Most adults fall into one of two categories when it comes to taking responsibility for their health.
The first is responsible to a fault. Appointments are booked way ahead of time for checkups and screenings, and the minute a doctor says “specialist,” they’re on the phone setting up yet another appointment. Then there are those who put off going to the doctor. Whether they don’t want to (or can’t) spend the money, or fear that “no news is good news” with regard to their health, they still avoid checkups and tests with aplomb.
The second category is likely where advertising for Cologuard comes in, although some doctors prescribe it for patients in between colonoscopies. The at-home kit requires a stool sample and is then sent in the mail to a lab for screening for signs of potential cancer. And that’s fantastic. It’s a wonderful alternative for those who fear having a colonoscopy, and for those who can’t afford one. No, it’s not a substitute, but it lets your doctor know if there’s something questionable going on.
What’s especially questionable to me is the insulting manner in which the product is advertised. The catch phrase in the ad is “Get, go, gone.” And we get it, advertisers. Truly, we do.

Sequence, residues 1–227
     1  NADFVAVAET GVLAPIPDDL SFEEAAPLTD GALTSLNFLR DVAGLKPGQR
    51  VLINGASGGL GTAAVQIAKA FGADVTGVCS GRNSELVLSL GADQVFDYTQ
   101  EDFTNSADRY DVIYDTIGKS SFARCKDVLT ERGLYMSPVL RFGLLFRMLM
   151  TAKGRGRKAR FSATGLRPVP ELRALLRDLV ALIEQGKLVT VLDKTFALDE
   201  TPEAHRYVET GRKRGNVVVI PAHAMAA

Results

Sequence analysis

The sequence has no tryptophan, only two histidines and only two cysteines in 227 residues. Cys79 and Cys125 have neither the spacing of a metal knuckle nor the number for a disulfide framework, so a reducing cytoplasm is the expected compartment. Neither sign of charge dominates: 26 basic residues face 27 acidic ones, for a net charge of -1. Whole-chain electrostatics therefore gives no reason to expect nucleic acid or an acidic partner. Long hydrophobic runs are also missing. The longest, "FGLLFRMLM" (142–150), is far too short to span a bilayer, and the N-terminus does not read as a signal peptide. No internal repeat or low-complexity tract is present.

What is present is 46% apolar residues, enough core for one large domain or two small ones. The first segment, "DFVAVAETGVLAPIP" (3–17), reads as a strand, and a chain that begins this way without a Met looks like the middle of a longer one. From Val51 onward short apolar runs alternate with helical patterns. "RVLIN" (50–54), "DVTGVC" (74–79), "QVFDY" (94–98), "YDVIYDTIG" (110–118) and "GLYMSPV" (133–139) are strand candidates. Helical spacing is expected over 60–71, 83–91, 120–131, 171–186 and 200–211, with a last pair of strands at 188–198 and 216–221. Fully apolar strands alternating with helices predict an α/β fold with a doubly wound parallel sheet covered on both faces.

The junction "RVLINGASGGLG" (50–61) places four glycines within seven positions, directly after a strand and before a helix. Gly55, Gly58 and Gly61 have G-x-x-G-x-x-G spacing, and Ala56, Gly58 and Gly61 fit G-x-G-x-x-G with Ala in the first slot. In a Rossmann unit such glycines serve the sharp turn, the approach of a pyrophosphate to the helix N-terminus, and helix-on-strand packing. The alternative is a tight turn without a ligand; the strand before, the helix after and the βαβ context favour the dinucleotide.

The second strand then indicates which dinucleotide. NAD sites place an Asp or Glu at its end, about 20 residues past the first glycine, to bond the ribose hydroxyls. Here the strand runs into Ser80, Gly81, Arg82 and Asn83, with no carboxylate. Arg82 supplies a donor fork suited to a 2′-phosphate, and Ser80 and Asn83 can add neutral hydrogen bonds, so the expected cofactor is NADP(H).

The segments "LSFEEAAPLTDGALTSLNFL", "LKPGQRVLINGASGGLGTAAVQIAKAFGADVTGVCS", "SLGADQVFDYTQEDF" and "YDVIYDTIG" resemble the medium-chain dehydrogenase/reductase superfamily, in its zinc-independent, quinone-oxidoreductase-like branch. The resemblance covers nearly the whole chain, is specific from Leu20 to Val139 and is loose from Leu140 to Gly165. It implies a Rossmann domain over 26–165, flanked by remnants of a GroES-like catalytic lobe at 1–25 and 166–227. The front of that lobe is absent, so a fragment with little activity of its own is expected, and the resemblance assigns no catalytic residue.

We don’t need Mr. Cologuard to hop onto the toilet. We know that’s the place we do our business. And then he has the audacity to tear off one perforated piece of toilet paper—and don’t even get me going on the nonsense of tearing off one sheet—which he then folds into a paper airplane and flies away.
Yes, this expensive (they don’t tell you that without insurance—and many insurance companies don’t cover it anyway—the test can cost upwards of $500) pharmaceutical creation explains via Mr. Cologuard how to take a—well, you know. It appears to assume that not only don’t we know where to go, but also that we don’t know how to properly clean ourselves up afterwards either.
Cologuard gets it wrong with the paper airplane business, however, and I truly hope for those with children (or childish husbands) who might watch this ad, that they don’t do as Mr. Cologuard does. Otherwise there will be way more bathroom cleanup than you’re already performing.
And listen closely. Is he really saying, “Ship me to the lab,” or something else?
Isn’t there a dignified way to advertise this test? No one needs the play by play. Let’s try to assume that the average consumer is of average intelligence, and knows what to do in the bathroom.